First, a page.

I could see the input current suddenly dropping 200mA, so I was very worried about killing something way too soon. Here is what I discovered.
The little brass heat transfer block they have glued to the bottom of the pcb with double sided tape !! was 2.0mm thick, so it did not touch the metal bottom plate !
it should have been 2.4mm for this trick to be working ! and double sided tape is not really that good to transfer heat.
funny the dip switch have 4 switches, only 3 of them are normally access able.
I tinned both the brass brick and the BOTTOM case, soldered it straight, and checked the height to be 2.4mm, now I have got a match.
Originally the SMA connector was not soldered properly to the case, there was a minor risk of braking if off, the red arrow indicate the back side,
I tinned this side and the outside of the case, the soldered with plenty of tin, not it's much more strong, and can transfer heat much better.
The blue arrow indicate the back side of the hot power amplifier, here I used heat transfer compound.
I was carefull to press with a screwdriver on the board, while soldering, so the board will touch the brass block as good as possible.
Here at THIS side, the red arrow points to the hot spot. This is where the heat sink should have been mounted,
now the input current is stable ! and the hot chip will live longer I hope.
Finally I added a small aluminium plate, 1.5mm thick to the hot TOP side, and mounted the heat sink where it will cool the best.
OK I have added about 5gr to the transmitter, but now it can transmit continuous without temperature overloading.
Receiving Antenna improvement:
Normal quarter wave antennas supplied with this video link equipment, have a gain of 0dB when BOTH pointing up !
If one of them are horizontal and the other vertical the attenuation will be -24dB extra added to the link.
To solve this the receiver antenna is changed a circular polarized giving a -3dB constant attenuation no matter what rotation of the transmitter antenna.
A super good homebrew guide was found here: http://www.rc-cam.com/gp_patch.htm
Here is a few pictures of my version, I have improved it slightly, bottom plate 2mm alu and made 4 x 2mm threads for 2mm screws,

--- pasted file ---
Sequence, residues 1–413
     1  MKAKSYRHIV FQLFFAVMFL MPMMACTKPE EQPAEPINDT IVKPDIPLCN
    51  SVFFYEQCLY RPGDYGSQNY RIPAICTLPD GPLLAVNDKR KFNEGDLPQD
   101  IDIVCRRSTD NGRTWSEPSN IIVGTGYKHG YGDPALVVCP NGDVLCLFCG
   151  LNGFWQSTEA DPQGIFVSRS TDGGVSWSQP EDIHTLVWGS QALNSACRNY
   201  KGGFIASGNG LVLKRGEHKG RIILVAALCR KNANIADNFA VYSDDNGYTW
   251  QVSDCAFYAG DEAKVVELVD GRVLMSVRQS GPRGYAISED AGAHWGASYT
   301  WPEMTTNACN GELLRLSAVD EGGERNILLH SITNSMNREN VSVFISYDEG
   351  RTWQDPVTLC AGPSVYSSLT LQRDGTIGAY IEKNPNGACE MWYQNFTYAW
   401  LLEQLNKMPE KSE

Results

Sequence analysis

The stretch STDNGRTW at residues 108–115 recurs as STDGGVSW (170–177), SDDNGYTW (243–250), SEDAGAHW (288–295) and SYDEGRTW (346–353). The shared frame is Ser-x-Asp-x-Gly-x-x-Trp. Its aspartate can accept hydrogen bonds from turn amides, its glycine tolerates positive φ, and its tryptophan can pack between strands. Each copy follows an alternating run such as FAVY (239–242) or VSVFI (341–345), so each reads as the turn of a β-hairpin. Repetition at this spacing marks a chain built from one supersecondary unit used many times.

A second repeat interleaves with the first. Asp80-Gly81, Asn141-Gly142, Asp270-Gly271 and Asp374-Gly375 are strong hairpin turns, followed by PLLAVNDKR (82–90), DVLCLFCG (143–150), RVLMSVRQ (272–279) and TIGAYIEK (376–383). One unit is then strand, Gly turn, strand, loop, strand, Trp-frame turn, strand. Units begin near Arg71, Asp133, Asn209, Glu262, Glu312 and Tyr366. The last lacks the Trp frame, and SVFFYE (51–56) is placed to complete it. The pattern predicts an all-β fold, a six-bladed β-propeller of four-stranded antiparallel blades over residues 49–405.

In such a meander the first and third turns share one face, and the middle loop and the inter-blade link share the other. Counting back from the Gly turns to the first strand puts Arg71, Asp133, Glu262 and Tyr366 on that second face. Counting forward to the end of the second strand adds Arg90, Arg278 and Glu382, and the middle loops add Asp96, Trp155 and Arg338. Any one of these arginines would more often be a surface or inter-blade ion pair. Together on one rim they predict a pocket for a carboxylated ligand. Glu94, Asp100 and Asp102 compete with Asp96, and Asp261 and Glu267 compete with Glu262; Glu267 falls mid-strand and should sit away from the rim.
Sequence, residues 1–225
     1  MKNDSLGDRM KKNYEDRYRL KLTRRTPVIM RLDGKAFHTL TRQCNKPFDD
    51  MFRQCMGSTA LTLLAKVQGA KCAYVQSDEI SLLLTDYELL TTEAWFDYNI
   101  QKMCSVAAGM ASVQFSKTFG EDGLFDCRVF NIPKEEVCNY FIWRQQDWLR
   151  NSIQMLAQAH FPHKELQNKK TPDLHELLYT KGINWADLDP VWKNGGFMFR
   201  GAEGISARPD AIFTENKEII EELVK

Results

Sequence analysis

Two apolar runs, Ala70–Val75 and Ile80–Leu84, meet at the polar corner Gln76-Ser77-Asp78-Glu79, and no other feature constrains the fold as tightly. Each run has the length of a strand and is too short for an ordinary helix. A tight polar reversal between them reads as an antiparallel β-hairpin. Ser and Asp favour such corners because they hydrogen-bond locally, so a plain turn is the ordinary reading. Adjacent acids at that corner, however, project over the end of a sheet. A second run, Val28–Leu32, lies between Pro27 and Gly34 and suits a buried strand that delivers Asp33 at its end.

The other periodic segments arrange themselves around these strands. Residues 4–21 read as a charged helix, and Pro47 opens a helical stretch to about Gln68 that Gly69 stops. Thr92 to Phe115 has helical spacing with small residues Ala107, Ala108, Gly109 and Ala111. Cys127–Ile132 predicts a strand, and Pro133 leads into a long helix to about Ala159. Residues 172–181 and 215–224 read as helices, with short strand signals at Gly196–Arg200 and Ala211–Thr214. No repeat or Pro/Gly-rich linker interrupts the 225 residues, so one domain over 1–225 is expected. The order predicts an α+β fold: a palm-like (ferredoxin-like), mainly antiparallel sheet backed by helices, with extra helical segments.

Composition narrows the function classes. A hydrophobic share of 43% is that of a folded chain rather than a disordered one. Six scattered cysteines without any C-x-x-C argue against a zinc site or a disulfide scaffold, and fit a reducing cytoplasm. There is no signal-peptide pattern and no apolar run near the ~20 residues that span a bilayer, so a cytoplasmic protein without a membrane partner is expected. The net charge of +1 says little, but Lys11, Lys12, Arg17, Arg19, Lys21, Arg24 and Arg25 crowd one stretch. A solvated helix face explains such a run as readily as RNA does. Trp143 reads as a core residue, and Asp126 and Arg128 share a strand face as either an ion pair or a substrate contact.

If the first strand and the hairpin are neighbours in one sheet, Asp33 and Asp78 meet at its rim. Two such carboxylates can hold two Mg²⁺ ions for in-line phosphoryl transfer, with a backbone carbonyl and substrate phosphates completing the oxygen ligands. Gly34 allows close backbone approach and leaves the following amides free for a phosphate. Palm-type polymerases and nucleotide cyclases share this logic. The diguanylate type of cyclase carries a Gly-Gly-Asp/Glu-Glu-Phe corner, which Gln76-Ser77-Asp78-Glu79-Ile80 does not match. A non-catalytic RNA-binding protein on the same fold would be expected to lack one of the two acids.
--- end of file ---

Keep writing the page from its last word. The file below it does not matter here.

and I am using a really good quality SMA connector:
SMA connector: Note the length of the screws how exact they match, also the center pin is long, perfect for this project.
The shape and size of this kind of antenna is really special, the reason is the polarization of the radio waves.
The air gab is changed to 4mm, spaced with 5 pieces of balsa wood.
and the Patch size changed to 54.1 x 54.1 mm see here why:
Return Loss measurement here the original unmodified:
Here the original design feed patch was 56x56 and 5mm height from bottom plate.
Here the changed feed patch is 54.1 x 54.1 mm and 4mm height from bottom plate.
I did not change the bottom plate it is 107.4 x 107.4 mm.
Return loss of 5dB equals 1.65dB reflection power loss, equals 68% of the power is used. (or 32% wasted)
Return loss of 12dB equals 0.28dB reflection power loss, equals 94% of the power is used.
1.6dB is the same as changing your transmitter from 500mW to 700mW
simply by uptimizing the antenna for free, nice nice.
The first on ground test results was impressive !
Much less holes in the signal with this Patch ! and much more range, Super !
Switchmode power supply for Camera and Transmitter in plane
As explained erlier on this page, the camera and transmitter consume alot of current, using lineary regulators will generate heat,
and waste battery, I will fly on 3 x lipo or 2 x lipo, so this switchmode is perfect, it will generate a fine stable 5.0V at 1A
with an input from 6V to 25V at impressive low loss, the printed circuit board was cut out from some old electronics I found,
I have added extra filtering on the input and output, to avoid problems with 35MHz RC radio receiver and GPS receiver later to be added with OSD.
Thomas Scherrer OZ2CPU January/February/August 2007